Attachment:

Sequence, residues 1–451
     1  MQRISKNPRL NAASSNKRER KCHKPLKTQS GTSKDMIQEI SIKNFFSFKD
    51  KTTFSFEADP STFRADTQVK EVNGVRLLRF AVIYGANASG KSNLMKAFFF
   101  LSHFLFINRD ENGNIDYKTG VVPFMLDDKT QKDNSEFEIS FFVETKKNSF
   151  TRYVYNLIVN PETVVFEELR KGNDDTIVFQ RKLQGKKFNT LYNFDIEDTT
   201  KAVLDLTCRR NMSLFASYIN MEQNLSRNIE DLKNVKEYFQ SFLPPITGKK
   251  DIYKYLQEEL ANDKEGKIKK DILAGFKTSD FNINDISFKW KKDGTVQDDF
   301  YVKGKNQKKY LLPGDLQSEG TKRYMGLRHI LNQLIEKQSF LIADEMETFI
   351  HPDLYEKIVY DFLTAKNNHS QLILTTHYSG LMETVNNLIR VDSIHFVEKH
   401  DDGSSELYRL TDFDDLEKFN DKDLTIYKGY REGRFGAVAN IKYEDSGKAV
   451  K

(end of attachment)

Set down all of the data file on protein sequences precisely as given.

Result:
Sequence, residues 1–451
     1  MQRISKNPRL NAASSNKRER KCHKPLKTQS GTSKDMIQEI SIKNFFSFKD
    51  KTTFSFEADP STFRADTQVK EVNGVRLLRF AVIYGANASG KSNLMKAFFF
   101  LSHFLFINRD ENGNIDYKTG VVPFMLDDKT QKDNSEFEIS FFVETKKNSF
   151  TRYVYNLIVN PETVVFEELR KGNDDTIVFQ RKLQGKKFNT LYNFDIEDTT
   201  KAVLDLTCRR NMSLFASYIN MEQNLSRNIE DLKNVKEYFQ SFLPPITGKK
   251  DIYKYLQEEL ANDKEGKIKK DILAGFKTSD FNINDISFKW KKDGTVQDDF
   301  YVKGKNQKKY LLPGDLQSEG TKRYMGLRHI LNQLIEKQSF LIADEMETFI
   351  HPDLYEKIVY DFLTAKNNHS QLILTTHYSG LMETVNNLIR VDSIHFVEKH
   401  DDGSSELYRL TDFDDLEKFN DKDLTIYKGY REGRFGAVAN IKYEDSGKAV
   451  K